Eau Claire Community Foundation Celebrates its 20th Anniversary

Article from the Leader-Telegram

Eau Claire foundation a growing asset to community. by Lauren French

After 20 years, coffers have swelled to more than $20M.

In spring 2007, Kim Bodeau of Eau Claire faced a scenario every parent dreads.

Her son, David, died unexpectedly. He was 19 years old.

In the wake of his death, the Bodeau family found themselves unsure how to handle donations pouring in from friends and family. The money sat in a fund — untouched — for a year, until Bodeau discovered the Eau Claire Community Foundation.

“As I’ve worked with (the foundation), what I see is how much all these people care,” said Bodeau, who has now served on the organization’s Board of Trustees for about a year. “They bring this breadth and depth of understanding and connection to our community. There’s this system of conscientious thought and care and respect for the money that people donate.”

The foundation is this year celebrating its 20th anniversary of investing donations and distributing the funds to local organizations. Leaders within the organization say its goal is to connect businesses and people like Bodeau to causes that will enhance the quality of life in Eau Claire, and after 20 years, its ability to do that keeps growing.

By the end of 1999, the foundation’s assets totaled $1,925,689, according to data from the organization. As of July 2017, its assets total $20,802,300, of which more than $16 million is endowed. Since the organization started, it has benefited 354 nonprofits.

“So much has happened in 20 years,” executive director Sue Bornick said. “In the beginning, the founders had a vision, and they did it the right way. I’m grateful every day for the way they set up the foundation.”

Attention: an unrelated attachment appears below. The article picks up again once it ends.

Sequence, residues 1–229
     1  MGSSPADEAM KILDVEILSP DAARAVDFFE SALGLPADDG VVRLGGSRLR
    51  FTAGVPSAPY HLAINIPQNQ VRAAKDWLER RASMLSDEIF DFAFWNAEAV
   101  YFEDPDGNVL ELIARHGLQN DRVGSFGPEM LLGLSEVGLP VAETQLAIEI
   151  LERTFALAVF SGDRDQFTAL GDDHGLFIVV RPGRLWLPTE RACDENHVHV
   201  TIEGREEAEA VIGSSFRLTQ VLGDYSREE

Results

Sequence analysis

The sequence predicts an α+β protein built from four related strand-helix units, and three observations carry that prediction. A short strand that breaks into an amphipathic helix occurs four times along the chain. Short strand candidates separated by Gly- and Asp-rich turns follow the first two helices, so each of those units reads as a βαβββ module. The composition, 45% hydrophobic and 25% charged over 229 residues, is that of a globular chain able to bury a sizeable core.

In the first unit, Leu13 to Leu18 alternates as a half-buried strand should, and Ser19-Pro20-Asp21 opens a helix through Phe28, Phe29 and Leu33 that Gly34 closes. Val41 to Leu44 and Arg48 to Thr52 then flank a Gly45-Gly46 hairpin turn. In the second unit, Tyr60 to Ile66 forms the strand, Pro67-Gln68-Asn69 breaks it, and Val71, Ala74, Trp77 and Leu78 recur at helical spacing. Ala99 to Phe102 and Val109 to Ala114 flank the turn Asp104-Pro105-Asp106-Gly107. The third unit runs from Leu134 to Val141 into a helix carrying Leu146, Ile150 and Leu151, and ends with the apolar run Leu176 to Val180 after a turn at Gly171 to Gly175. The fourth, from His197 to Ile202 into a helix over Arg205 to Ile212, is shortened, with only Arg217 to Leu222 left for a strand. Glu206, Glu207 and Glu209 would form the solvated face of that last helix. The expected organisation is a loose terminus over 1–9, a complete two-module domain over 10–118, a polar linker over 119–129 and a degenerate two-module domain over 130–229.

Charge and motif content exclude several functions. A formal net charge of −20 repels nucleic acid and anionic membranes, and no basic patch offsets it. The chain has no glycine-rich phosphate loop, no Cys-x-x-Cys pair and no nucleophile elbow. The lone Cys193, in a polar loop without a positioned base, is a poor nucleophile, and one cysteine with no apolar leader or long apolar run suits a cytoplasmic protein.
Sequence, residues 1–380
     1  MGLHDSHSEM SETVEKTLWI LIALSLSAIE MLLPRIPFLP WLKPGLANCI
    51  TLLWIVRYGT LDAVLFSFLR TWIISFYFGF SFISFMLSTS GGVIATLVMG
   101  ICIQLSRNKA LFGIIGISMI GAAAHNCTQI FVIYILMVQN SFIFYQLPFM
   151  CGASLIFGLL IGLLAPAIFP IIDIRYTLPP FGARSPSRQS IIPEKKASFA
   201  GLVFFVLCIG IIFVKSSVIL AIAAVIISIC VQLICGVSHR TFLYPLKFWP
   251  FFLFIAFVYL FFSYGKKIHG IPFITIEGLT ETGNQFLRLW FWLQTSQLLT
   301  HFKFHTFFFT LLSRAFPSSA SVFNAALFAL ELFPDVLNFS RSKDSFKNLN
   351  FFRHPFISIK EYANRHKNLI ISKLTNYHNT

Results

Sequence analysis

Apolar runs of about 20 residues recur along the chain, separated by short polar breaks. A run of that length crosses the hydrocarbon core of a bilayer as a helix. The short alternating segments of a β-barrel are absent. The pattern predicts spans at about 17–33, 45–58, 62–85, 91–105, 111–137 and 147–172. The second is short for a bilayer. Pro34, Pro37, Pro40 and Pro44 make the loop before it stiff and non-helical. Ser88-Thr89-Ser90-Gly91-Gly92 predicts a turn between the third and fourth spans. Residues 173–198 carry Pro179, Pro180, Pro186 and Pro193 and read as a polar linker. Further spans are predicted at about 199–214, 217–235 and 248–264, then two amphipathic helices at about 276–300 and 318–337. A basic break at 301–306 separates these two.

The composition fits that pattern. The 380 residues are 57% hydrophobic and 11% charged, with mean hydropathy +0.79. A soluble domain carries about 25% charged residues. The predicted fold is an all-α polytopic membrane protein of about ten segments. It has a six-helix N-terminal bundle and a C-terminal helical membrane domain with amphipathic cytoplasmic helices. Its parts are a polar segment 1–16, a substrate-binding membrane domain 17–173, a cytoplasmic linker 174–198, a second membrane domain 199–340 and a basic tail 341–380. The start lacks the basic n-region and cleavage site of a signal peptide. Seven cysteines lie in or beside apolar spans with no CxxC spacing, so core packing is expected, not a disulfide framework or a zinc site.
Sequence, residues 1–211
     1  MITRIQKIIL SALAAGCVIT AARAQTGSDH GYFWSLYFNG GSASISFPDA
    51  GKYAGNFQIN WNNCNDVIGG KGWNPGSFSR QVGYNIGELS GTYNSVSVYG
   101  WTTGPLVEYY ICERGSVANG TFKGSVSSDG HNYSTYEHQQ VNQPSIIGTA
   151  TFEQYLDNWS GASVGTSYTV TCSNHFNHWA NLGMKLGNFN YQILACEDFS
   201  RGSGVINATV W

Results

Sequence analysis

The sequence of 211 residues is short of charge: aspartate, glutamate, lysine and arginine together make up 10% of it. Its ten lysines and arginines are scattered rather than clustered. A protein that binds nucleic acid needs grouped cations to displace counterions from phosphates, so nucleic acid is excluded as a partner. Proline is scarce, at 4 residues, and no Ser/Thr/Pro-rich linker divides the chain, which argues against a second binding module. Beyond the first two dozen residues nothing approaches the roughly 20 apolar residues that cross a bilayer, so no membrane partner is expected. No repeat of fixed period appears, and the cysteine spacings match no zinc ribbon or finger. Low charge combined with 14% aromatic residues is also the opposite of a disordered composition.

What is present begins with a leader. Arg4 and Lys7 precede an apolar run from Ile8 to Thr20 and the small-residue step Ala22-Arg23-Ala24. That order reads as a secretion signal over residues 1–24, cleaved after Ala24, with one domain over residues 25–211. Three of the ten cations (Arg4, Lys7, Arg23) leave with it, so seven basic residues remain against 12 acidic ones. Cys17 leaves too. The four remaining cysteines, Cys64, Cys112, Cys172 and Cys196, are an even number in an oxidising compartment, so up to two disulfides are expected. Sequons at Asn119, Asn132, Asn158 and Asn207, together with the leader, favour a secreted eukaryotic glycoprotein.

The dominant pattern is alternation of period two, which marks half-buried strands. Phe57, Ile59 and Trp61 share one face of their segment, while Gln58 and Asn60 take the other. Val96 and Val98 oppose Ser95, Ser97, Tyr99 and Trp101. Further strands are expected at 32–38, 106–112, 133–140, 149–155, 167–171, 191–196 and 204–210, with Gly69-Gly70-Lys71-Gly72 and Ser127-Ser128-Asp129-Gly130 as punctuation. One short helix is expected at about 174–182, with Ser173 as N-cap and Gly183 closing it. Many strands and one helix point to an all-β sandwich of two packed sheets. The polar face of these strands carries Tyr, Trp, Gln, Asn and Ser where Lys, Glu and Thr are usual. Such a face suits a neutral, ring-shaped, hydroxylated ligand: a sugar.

Bodeau and her family have used the foundation to donate to Bob’s House for Dogs and Friends of the Chippewa State Trail, among others. Major grant recipients of the foundation since its inception include the Eau Claire YMCA, Feed My People and Literacy Chippewa Valley. It also acts as a conduit for donated funds to the Confluence Project and funds the Women’s Giving Circle, designed to raise money for projects that improve the lives of women and children.

Retired Eau Claire County Judge Thomas Barland is one of the original trustees of the foundation. When he looks to the organization’s future, he said he sees continued growth.

“(The foundation) has done such a good job that people have confidence in it to administer their funds after they’re gone,” Barland said, noting the organization’s Legacy Society, which allows individuals and couples to include the foundation in their estate plans. “They have confidence that their funds will be safe, wisely invested and used for the good of the community.”